Replace the CD

  1. Extract a text representation of the contents of your CD file using xxd:

      $ xxd -i credentials/test/certification-declaration/Chip-Test-CD-${VID}-${PID}.der
    

    Example output:

      unsigned char credentials_test_certification_declaration_Chip_Test_CD_hexVendorId_hexProductId_der[] = {
        0x30, 0x81, 0xe9, 0x06, 0x09, 0x2a, 0x86, 0x48, 0x86, 0xf7, 0x0d, 0x01,
        0x07, 0x02, 0xa0, 0x81, 0xdb, 0x30, 0x81, 0xd8, 0x02, 0x01, 0x03, 0x31,
        0x0d, 0x30, 0x0b, 0x06, 0x09, 0x60, 0x86, 0x48, 0x01, 0x65, 0x03, 0x04,
        0x02, 0x01, 0x30, 0x45, 0x06, 0x09, 0x2a, 0x86, 0x48, 0x86, 0xf7, 0x0d,
        0x01, 0x07, 0x01, 0xa0, 0x38, 0x04, 0x36, 0x15, 0x24, 0x00, 0x01, 0x25,
        0x01, 0xfe, 0xca, 0x36, 0x02, 0x05, 0xce, 0xfa, 0x18, 0x25, 0x03, 0x34,
        0x12, 0x2c, 0x04, 0x13, 0x5a, 0x49, 0x47, 0x32, 0x30, 0x31, 0x34, 0x31,
        0x5a, 0x42, 0x33, 0x33, 0x30, 0x30, 0x30, 0x31, 0x2d, 0x32, 0x34, 0x24,
        0x05, 0x00, 0x24, 0x06, 0x00, 0x25, 0x07, 0x76, 0x98, 0x24, 0x08, 0x00,
        0x18, 0x31, 0x7d, 0x30, 0x7b, 0x02, 0x01, 0x03, 0x80, 0x14, 0x62, 0xfa,
        0x82, 0x33, 0x59, 0xac, 0xfa, 0xa9, 0x96, 0x3e, 0x1c, 0xfa, 0x14, 0x0a,
        0xdd, 0xf5, 0x04, 0xf3, 0x71, 0x60, 0x30, 0x0b, 0x06, 0x09, 0x60, 0x86,
        0x48, 0x01, 0x65, 0x03, 0x04, 0x02, 0x01, 0x30, 0x0a, 0x06, 0x08, 0x2a,
        0x86, 0x48, 0xce, 0x3d, 0x04, 0x03, 0x02, 0x04, 0x47, 0x30, 0x45, 0x02,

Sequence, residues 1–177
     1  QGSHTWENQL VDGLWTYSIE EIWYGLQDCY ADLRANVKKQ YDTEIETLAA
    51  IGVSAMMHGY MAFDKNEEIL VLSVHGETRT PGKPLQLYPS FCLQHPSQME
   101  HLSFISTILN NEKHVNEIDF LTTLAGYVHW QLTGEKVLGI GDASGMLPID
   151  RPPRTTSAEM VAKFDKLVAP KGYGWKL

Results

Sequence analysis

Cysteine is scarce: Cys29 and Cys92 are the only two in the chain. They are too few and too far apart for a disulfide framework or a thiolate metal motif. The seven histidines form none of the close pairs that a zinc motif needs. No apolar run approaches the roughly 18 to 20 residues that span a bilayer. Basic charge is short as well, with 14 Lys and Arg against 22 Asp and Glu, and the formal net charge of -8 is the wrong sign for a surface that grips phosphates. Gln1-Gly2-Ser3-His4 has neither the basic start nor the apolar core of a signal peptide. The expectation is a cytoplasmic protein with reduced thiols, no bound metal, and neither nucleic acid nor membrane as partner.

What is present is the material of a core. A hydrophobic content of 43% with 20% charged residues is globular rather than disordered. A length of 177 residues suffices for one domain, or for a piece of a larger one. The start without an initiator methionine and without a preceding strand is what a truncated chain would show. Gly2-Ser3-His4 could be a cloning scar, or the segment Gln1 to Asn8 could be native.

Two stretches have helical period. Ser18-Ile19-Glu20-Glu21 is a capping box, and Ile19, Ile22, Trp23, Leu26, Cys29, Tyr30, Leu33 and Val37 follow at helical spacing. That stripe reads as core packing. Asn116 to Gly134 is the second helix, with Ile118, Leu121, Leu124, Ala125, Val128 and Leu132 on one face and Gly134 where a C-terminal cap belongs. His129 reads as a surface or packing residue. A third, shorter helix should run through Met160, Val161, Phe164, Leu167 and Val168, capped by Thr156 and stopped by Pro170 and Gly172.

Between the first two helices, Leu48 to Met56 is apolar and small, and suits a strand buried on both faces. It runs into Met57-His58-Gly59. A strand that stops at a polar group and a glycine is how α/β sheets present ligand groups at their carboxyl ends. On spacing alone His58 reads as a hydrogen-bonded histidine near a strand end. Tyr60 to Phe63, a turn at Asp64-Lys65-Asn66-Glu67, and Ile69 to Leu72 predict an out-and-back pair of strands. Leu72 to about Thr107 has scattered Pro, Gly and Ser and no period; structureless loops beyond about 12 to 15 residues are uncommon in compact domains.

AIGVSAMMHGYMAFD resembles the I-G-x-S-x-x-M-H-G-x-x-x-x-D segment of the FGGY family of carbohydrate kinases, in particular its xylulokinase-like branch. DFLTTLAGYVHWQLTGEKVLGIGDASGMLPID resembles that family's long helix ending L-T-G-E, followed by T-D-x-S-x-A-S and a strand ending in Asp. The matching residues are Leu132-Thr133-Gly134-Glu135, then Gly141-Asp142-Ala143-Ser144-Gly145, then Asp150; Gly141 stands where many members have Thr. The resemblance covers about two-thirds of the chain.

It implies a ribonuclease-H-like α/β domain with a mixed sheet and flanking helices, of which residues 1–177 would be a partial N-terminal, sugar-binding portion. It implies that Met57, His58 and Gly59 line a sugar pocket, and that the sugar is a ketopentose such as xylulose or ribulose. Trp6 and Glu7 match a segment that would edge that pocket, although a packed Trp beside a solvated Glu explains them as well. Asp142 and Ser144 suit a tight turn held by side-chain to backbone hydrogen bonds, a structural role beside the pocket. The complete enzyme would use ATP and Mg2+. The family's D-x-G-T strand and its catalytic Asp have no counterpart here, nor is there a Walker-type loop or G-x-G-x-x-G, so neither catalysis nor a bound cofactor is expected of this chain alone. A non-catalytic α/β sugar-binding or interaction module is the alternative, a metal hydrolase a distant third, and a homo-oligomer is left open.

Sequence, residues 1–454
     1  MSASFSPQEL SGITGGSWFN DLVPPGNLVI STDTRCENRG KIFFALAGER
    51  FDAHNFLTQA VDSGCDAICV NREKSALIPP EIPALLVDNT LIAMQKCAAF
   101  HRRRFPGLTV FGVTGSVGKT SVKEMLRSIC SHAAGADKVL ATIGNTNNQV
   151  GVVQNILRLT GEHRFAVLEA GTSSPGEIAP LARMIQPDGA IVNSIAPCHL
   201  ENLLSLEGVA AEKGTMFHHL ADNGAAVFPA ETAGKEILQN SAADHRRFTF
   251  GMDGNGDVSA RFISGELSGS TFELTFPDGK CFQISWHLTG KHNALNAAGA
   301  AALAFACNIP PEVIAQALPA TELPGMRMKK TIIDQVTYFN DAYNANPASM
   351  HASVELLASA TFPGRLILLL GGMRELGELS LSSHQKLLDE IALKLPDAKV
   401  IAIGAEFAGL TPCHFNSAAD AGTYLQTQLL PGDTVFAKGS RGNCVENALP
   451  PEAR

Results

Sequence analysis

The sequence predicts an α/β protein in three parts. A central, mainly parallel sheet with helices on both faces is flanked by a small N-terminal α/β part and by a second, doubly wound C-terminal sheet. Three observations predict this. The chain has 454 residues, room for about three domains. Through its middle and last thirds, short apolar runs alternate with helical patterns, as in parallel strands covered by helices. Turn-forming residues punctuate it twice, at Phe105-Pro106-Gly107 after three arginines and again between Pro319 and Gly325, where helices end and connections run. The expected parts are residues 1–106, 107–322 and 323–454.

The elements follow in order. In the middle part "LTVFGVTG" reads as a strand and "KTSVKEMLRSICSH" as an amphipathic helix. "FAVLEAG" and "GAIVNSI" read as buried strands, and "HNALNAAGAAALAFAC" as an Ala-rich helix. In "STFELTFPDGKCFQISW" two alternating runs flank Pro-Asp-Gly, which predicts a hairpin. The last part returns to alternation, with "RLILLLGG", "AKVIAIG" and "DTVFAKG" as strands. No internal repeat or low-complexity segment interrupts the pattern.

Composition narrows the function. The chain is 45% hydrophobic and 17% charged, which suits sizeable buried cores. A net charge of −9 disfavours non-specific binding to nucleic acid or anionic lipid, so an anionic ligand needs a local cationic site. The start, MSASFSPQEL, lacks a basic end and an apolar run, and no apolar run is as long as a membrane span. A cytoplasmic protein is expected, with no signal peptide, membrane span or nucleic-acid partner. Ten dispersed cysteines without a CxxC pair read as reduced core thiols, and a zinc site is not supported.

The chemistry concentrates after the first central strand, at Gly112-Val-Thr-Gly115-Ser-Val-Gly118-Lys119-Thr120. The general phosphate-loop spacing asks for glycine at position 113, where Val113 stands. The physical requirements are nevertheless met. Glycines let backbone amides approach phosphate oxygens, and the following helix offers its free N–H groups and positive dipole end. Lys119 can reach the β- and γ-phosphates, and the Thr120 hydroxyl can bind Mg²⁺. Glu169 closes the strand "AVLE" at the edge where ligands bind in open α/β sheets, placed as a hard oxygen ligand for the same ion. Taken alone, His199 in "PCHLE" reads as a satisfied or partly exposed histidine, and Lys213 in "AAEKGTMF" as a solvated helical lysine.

0x20, 0x53, 0x25, 0x03, 0x2c, 0x96, 0x50, 0xb6, 0x64, 0xf4, 0x18, 0xbf,
        0x99, 0x47, 0xf8, 0x9d, 0xe6, 0xeb, 0x43, 0x94, 0xf1, 0xce, 0xb2, 0x61,
        0x00, 0xe0, 0xf9, 0x89, 0xa8, 0x71, 0x82, 0x02, 0x0a, 0x02, 0x21, 0x00,
        0xea, 0x0a, 0x40, 0xab, 0x87, 0xad, 0x7e, 0x25, 0xe1, 0xa1, 0x6c, 0xb1,
        0x12, 0xfa, 0x86, 0xfe, 0xea, 0x8a, 0xaf, 0x4b, 0xc1, 0xf3, 0x6f, 0x09,
        0x85, 0x46, 0x50, 0xb6, 0xd0, 0x55, 0x40, 0xe2
      };
      unsigned int credentials_test_certification_declaration_Chip_Test_CD_hexVendorId_hexProductId_der_len = 236;
      ```
    
  2. Copy the text you extracted in the previous step to the file used to define the CD into your build. As in the case of PAI and DAC, how you do this depends on which platform you're developing on.

If you are using the credentials examples, you probably want to replace the contents of kCdForAllExamples in ExampleDACProvider::GetCertificationDeclaration, in src/credentials/examples/DeviceAttestationCredsExample.cpp:

    const uint8_t kCdForAllExamples[] = {
            0x30, 0x81, 0xe9, 0x06, 0x09, 0x2a, 0x86, 0x48, 0x86, 0xf7, 0x0d, 0x01,
            0x07, 0x02, 0xa0, 0x81, 0xdb, 0x30, 0x81, 0xd8, 0x02, 0x01, 0x03, 0x31,
            0x0d, 0x30, 0x0b, 0x06, 0x09, 0x60, 0x86, 0x48, 0x01, 0x65, 0x03, 0x04,
            0x02, 0x01, 0x30, 0x45, 0x06, 0x09, 0x2a, 0x86, 0x48, 0x86, 0xf7, 0x0d,
            0x01, 0x07, 0x01, 0xa0, 0x38, 0x04, 0x36, 0x15, 0x24, 0x00, 0x01, 0x25,